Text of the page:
How to Glean Writing Tips from your Favorite Books

I’m a big fan of reading literary studies and occasionally I like going over a book or a passage with a more insightful – the writer, not just reader – eye. The good thing about gathering tips from your favorite authors or books is that they’re more significant and personal to you than a how-to novel which may not quote anything you like or even anything that resonants which makes the information ( no matter how helpful ) harder to absorb, hold, or even understand. By researching writers you like it’s a little like creating your own how-to guide formatted to fit your needs.

First take a favorite author or book, something you’re familiar with. It’s easier than picking a fresh story as it usually takes multiple readings to really get to layers in the writing. Plus, it’s easier to discover more things when you’re already familiar with the scenes.

Pick a book you love or dislike, doesn’t really matter so long as you want to learn from it. Either or could be powerful. Any book you feel strongly about you’ll be more interested in studying than a book you feel just meh about.

Gather up some tools – colored tabs, highlighters ( if you have an extra copy of the book you don’t mind marking up ), recipe cards or a notebook, and pens.
Have some goals in mind, before your start your in-depth study. A novel is such a broad thing with so many different facets it can get overwhelming trying to absorb everything. A good way of knowing what to study is to decide why you want to study a particular angle, and what you want to learn. Pick your focus.

* characters
* setting
* dialogue
* scenes
* scene transitions
* pace
* word usage
* themes
* sentence structure, grammar
* descriptions
* action
Here’s just a small sampling of things you can look for. But genre opens up all kinds of different avenues – sex scenes, world building, magic, information, clues, red herrings handling history, tension, suspense, violence.
When you’re studying don’t look for formulas: conflict & resolution, counting up such and such pages in between chapters, mapping out the narrative arc. All of that precision seeking is hogwash ( believe me, I’ve tried it.) What you want to do is keep the information sharp but loose. You don’t want a recipe on how to create a good character you want to learn how a good character behaves.

How do you study a character? Start with simple things – what do you want to learn? I like to start by examining how the characters are first mentioned – zone in on that scene. Take one of my faves,Lolita by Nabokov . Let’s skip the foreword. Counting from chapter one, Lolita, the title character, is mentioned first but the how is very important. It’s in ownership to Humbert. In two paragraphs ‘my’ is mentioned 5 times. That’s key. How does Humbert address himself at first – as a murderer ( and rather humorously ). Charlotte is at first a voice at the top of the stairs, then she’s connected to her cigarette ash falling and when Hum finally gets a look at her dismisses her as ‘poor lady’ and a weak solution of Marlene Dietrich. ( Quite interesting considering Humbert spends most of his time ignoring woman that Charlotte is heard before seen. )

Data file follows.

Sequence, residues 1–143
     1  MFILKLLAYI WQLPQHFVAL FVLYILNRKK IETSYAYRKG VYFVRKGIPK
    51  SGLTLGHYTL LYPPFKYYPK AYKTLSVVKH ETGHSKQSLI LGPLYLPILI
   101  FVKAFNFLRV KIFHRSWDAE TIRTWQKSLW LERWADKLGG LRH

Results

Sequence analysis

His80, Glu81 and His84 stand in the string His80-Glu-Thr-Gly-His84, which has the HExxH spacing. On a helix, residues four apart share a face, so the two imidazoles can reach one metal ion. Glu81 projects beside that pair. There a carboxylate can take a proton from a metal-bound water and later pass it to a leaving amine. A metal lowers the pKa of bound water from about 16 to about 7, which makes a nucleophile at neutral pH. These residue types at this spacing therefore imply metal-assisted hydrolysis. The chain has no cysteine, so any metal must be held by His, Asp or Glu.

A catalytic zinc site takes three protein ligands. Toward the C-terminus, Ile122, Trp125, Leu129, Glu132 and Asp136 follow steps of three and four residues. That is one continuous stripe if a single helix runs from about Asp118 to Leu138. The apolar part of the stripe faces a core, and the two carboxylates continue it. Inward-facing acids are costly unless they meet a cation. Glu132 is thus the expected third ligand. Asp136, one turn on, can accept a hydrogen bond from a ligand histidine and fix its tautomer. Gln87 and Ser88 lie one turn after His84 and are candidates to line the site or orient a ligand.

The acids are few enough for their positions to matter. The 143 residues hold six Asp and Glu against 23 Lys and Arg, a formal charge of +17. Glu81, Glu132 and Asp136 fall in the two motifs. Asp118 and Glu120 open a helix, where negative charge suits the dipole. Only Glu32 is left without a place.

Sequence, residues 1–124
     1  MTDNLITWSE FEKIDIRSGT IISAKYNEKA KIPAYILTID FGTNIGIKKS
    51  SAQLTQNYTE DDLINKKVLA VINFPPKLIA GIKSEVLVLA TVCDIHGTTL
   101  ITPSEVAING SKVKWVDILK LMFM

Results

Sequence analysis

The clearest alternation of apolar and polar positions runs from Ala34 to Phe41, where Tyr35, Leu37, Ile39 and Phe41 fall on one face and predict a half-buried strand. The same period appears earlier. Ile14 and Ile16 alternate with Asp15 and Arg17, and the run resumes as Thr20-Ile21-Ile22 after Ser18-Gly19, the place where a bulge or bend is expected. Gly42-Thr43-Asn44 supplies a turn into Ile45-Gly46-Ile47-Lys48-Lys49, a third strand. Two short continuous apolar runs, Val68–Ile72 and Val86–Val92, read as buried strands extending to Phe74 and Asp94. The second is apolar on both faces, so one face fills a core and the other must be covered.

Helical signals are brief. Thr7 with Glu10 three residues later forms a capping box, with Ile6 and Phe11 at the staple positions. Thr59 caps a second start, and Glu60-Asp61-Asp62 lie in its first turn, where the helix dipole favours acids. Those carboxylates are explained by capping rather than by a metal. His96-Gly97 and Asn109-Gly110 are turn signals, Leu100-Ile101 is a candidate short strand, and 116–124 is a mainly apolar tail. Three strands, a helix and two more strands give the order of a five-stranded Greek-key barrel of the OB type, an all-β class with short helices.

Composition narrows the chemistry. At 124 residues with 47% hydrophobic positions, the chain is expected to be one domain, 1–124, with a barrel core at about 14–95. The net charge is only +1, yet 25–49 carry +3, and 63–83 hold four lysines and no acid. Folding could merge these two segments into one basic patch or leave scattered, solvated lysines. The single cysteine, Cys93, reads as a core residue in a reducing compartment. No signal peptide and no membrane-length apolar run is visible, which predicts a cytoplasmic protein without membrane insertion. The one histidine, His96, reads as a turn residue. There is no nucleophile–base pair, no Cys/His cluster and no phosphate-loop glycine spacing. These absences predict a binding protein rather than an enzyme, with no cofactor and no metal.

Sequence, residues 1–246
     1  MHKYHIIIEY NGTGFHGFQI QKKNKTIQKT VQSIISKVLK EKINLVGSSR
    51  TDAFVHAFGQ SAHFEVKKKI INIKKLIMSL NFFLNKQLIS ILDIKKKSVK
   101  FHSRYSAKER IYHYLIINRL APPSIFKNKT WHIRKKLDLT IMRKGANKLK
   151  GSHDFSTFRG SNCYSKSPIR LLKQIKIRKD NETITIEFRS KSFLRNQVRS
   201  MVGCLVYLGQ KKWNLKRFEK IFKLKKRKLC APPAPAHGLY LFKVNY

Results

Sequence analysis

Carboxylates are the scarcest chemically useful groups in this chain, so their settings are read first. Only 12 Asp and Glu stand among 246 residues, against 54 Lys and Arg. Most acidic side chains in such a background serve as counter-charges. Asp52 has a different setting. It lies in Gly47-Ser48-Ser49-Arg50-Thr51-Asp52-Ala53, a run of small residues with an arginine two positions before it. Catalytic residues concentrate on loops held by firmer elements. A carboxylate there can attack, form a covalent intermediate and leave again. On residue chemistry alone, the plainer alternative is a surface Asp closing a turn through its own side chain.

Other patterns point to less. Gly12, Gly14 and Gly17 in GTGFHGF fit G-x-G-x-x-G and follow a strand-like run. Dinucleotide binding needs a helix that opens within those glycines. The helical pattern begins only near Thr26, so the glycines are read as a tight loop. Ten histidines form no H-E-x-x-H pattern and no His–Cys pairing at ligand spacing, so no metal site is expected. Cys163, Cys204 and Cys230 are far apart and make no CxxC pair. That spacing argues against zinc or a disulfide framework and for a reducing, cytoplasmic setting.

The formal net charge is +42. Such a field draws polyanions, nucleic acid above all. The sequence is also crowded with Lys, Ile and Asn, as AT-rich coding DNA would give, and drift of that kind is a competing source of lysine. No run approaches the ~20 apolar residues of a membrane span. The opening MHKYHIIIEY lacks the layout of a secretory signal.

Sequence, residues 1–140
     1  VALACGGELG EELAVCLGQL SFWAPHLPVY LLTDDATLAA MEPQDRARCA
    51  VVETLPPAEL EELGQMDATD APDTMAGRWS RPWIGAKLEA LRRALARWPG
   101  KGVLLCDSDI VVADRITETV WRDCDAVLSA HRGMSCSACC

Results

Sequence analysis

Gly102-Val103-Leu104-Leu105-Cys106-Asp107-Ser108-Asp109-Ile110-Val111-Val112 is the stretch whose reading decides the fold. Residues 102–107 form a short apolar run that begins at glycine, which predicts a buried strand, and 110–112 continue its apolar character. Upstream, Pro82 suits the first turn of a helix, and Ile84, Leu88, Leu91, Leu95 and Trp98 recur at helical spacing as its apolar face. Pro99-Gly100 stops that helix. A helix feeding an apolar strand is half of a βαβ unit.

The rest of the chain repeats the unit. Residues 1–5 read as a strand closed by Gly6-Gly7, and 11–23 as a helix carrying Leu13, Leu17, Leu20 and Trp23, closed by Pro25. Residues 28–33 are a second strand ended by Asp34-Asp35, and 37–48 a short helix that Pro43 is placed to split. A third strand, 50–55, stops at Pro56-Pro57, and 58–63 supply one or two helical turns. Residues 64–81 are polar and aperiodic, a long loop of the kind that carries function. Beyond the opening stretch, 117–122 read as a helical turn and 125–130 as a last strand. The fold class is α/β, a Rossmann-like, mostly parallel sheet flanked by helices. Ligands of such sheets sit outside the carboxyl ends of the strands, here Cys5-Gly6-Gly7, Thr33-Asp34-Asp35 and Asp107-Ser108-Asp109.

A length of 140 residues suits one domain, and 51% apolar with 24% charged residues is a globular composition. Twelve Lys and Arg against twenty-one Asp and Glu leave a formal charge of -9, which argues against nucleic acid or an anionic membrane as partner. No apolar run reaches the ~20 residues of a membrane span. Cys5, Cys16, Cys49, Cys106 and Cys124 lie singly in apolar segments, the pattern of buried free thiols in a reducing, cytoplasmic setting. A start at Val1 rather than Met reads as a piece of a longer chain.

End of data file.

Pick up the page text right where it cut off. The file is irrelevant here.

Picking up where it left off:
What can I learn or take away from all this? A character can be introduced before they are shown to create interest and curiosity in the reader, a build up of actions can create symbolism and should be kept in mind, and being forthright can surprisingly create suspense. Also by slanting or angling words characters can reveal their relationships to one another, and they can also implant ideas in the reader and manipulate judgments from the reader.

Other good places I like to look at are those ‘moments’ in a book. They’re the stellar moments of revelation or change – what scenes/characters are building towards.


How to examine wording.

Context is key in creating powerful sentences so try not to take anything out of context. You’ll lose meaning, and thereby lose your grasp on how powerful the scene truly is. Take a paragraph and examine it for tone ( the angle of the sentences – meaning I could write – I don’t like broccoli or – Broccoli sucks – the second is angling to fit character or mood. The first, though appearing to lack an angle is an angle unto itself. ) Look at the nouns, pronouns, verbs and arrangement.

Let’s examine a paragraph –

He came back to the house at dark, into the yard, and there were a million stars in the sky, like tiny neon bulbs, and you could see them between the leaves of the trees, and the trees seemed to be covered with a million tiny neon bulbs, and the bus, it broke up into a sculpture of neon bulbs, millions of them massed together to make a bus, like a whole nighttime of neon dust, with every particle a neon bulb, and they all vibrated like a huge friendly cicada universe. – from The Electric Kool-Aid Acid Test – Tom Wolfe

What can I take from this paragraph, but for the fact that it is a whopping 92 word sentence?

First examine context. What is Wolfe doing?